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Tag: wheaten terrier

Saying goodbye to dog who gave him a boost

goynes

A formerly homeless man said goodbye earlier this month to a dog who gave his life some purpose.

Raymond Goynes was living in a refrigerator box on the streets of New York when he first met Sonja, a wheaten terrier, in 2005.

He’d spent decades on the streets by then, but he’d kicked his cocaine habit a few year’s earlier and was doing odd jobs to help buy food.

He’d regularly see Sonja being taken for a walk and asked her owner, more than once, if he could help with that.

“After I got Sonja, he saw various people walking her when I was at work,” Mary Kilty told the New York Times. “He said to me, ‘I can walk your dog.’ He said this to me several times and eventually I thought why not give it a try, because he clearly needed some income and support.”

Goynes began taking Sonja for two-hour walks to and around Central Park on Saturday mornings.

“It helped me get myself together,” Goynes said. “It keeps you from messing around, doing other things bad. ‘I got a dog-walking job, I’ve got to maintain.'”

“… She helped me, I helped her,” he added.

Goynes found a permanent home in 2007 — a small room in a building on East 28th Street run by the nonprofit supportive-housing provider now known as Breaking Ground.

He continued to walk Sonja on weekends, and would house-sit the dog, sometimes for weeks at a time, in Kilty’s penthouse.

“He was so reliable and so good, and she loved him so much,” Kilty said.

Last spring, Sonja, 11, began a slow decline due to cancer.

goynes2In his last visit with the dog, Goynes, 67, let himself in to Kilty’s home and crouched down beside Sonja.

“If there was anything I could do to help her stay up … Sonja, get up, come on, get up.”

He held her paw, gazed into her eyes and then left so Kilty could spend some private moments with Sonja before a veterinarian arrived to give her a lethal injection.

Kilty said Goynes asked for Sonja’s tags, so he can wear them on a necklace.

She honored that request, but says she’s not ready to grant his second one.

“He keeps asking me when I’m going to get another dog, which I don’t think I’m going to do quite yet.”

(Photos: Nicole Bengiveno / The New York Times)

Woman dives into Hudson to save her dog

Molly Pfeiffer was walking with her unleashed Wheaten terrier near New York’s Pier 54 Tuesday when the dog, named Boogie, ran after a gull and jumped into the Hudson River.

Molly, 29, followed, snagging her dog, hoisting her up on a plank beneath the pier and calling for help as she hung on to a pylon.

“I saw her go down into the water and I went after her,” Pfeiffer told the New York Daily News. “The current was pretty strong. She was going to drown … I grabbed Boogie and pulled her up on to one of the wooden supports on the pier. It was covered with algae and really slippery.”

A passerby heard Pfeiffer’s cries and dialed 911, and officers on a police department boat plucked Pfeiffer and Boogie from the water.

Pfeiffer thanked the stranger who called for help: “He saved my life and Boogie’s.” She said she’d do the same thing again: “I love [Boogie] very much or I wouldn’t have done it otherwise.”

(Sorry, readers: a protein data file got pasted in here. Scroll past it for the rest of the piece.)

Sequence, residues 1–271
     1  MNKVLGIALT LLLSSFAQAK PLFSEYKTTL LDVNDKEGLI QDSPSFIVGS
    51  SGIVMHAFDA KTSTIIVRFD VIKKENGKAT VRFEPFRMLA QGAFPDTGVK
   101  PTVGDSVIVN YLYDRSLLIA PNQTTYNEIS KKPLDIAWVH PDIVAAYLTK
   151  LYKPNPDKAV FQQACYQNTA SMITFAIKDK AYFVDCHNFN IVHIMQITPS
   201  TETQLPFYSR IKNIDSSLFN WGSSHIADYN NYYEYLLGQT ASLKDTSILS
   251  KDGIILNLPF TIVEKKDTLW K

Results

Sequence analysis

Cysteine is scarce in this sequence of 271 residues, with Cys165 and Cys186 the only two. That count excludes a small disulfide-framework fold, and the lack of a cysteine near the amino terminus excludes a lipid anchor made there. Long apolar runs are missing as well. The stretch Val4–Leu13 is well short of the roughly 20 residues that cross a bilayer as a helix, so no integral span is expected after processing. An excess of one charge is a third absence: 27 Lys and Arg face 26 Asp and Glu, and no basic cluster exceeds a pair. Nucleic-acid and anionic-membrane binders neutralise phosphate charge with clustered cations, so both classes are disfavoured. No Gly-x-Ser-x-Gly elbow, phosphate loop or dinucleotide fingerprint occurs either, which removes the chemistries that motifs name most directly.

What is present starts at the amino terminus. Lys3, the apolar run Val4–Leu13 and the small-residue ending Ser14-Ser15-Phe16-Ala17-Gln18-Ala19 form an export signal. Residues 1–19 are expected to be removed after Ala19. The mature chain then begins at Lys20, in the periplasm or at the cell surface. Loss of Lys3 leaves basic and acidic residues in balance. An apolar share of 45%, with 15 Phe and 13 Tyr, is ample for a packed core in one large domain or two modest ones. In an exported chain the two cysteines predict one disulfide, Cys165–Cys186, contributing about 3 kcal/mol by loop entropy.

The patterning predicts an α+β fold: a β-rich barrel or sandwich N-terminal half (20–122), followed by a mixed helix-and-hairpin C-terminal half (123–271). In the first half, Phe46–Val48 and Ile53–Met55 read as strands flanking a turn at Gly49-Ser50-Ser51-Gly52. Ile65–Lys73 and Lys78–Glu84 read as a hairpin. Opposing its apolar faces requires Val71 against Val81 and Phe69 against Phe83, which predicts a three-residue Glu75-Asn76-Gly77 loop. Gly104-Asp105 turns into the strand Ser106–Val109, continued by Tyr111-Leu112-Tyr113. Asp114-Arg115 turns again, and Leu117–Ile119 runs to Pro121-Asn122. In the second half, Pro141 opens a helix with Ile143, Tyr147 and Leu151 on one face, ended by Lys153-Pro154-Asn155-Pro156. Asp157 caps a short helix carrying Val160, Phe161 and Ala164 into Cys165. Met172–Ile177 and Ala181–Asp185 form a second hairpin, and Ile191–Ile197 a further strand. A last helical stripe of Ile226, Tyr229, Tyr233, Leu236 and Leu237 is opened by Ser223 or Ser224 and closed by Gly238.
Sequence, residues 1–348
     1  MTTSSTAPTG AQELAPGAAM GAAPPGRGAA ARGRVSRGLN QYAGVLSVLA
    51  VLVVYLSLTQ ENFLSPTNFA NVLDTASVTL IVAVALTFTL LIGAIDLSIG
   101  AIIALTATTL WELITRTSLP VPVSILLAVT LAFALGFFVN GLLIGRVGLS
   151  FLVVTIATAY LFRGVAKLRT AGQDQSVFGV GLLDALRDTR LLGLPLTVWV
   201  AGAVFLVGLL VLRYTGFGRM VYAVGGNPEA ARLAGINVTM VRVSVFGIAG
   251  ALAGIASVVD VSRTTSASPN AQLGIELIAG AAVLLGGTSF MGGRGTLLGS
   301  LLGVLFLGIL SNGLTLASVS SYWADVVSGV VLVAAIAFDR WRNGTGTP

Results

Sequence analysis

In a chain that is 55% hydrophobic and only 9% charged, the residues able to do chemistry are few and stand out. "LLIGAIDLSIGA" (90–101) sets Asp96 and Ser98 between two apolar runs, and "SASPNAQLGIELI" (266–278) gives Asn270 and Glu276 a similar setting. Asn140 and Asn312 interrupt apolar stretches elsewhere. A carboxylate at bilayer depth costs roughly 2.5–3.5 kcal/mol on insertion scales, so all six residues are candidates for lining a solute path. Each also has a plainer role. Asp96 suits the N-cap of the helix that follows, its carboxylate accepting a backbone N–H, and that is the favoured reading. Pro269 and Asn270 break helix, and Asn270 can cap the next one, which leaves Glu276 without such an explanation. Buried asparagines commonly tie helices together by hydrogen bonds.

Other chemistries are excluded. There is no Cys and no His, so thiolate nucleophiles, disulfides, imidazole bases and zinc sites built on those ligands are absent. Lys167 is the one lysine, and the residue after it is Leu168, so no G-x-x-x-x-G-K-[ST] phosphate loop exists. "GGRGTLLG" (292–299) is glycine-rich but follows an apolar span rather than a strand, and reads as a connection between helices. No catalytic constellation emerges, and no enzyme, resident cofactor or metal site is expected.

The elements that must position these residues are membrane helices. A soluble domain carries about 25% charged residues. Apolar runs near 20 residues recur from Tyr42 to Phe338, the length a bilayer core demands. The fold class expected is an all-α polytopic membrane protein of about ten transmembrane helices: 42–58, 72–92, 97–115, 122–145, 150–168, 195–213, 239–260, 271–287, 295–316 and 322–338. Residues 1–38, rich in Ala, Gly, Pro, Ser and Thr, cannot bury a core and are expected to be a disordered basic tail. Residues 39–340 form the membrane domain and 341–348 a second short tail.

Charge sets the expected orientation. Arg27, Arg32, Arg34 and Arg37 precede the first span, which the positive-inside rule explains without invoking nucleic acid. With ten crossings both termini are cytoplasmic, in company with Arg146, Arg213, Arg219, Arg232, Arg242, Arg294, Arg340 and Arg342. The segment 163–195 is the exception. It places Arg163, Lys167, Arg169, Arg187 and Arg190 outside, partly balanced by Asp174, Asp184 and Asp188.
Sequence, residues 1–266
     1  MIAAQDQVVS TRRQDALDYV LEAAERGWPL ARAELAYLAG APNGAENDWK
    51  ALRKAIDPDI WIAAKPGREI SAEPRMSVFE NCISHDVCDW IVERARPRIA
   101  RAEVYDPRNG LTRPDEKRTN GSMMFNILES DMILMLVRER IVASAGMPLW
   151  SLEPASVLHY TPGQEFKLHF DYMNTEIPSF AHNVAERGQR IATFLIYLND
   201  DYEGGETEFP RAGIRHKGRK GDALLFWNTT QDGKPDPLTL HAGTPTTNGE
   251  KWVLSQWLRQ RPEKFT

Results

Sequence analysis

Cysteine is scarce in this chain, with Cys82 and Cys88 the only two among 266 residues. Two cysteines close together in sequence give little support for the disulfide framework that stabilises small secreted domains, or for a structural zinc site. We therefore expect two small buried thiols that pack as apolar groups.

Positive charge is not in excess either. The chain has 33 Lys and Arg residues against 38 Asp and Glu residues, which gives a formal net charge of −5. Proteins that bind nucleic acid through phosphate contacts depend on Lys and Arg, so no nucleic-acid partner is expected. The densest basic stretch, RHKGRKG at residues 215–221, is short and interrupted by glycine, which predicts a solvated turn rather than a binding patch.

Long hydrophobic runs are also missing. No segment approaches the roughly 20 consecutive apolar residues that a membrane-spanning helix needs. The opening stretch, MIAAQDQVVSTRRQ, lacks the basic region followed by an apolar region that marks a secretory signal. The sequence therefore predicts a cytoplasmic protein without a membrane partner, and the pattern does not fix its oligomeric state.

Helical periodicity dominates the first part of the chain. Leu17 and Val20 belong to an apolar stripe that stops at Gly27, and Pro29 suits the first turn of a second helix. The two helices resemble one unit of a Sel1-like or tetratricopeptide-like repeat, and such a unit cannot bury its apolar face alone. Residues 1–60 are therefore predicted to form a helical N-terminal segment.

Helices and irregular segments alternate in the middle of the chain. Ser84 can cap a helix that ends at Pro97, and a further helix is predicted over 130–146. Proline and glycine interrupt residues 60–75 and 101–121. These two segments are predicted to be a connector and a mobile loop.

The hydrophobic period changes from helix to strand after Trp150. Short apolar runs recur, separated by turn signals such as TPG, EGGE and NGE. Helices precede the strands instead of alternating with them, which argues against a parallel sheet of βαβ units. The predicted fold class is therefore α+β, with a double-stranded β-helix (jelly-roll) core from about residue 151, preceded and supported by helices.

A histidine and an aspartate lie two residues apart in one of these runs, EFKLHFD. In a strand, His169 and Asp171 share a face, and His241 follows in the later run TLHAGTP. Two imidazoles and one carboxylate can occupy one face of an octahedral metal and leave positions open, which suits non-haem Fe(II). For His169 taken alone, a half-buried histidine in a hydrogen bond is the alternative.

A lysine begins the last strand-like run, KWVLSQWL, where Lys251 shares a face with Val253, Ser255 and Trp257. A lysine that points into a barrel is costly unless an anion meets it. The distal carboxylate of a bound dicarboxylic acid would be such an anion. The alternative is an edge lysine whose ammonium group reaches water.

Most Daily News readers feel the same way. In an online poll, the newspaper asked readers if they would jump into a river to save their pet.

Eighty percent answered “in a heartbeat.”

(Photos: From the New York Daily News)

Dog rules: Terrier elected president

How a dog came to be elected president of the Hillbrook-Tall Oaks Civic Association in Annandale, Virginia — unanimously, no less — is a tale of apathy, deception, humor and haste.

Last year, at an association meeting, a list of candidates and their qualificatons was announced.

Ms. Beatha Lee was described as being interested in neighborhood activities and the outdoors. She was a relatively new resident of the community who had experience overseeing an estate of 26 acres in Maine.

Apparently wanting to see a new face in the office, members unanimously elected Beatha Lee and the slate of candidates with whom she was running, reported the Washington Post.

A few weeks later, when the association’s newsletter came out, residents learned that Beatha Lee is a Wheaten terrier.

About 90 dogs live in the community (though they don’t have the right to vote), as well as about 250 human residents — some of whom found the news funny, some of whom didn’t.

“It was a first and last name, so everyone thought she was human. I’m not thrilled, I’m embarrassed,” said one.” Others saw it as a nice break in the monotony.

Dave Frederickson, who read the dog’s name and qualifications to the crowd at the annual meeting, said, “Many people, like myself, were amused. But some were extremely upset. I’ve spent a lot of time on the phone explaining things.”

Beatha belongs to the former assocation president, Mark Crawford, who inherited her in 2008 from his mother and stepfather in Maine.

Crawford had served three consecutive terms as president — the limit — and after his requests to run a fourth time were denied, he decided sign his dog up as a candidate, with himself as vice-president.

“We wanted to send a message to the neighborhood that they needed to get involved and get engaged. That they can’t count on the same people to do this year in and year out,” he said.

Crawford said nothing in the association bylaws states that the president has to be human.

Asked how Beatha was faring in the post, Crawford said, “Well, she delegates a lot … That’s what executives are supposed to do – delegate.”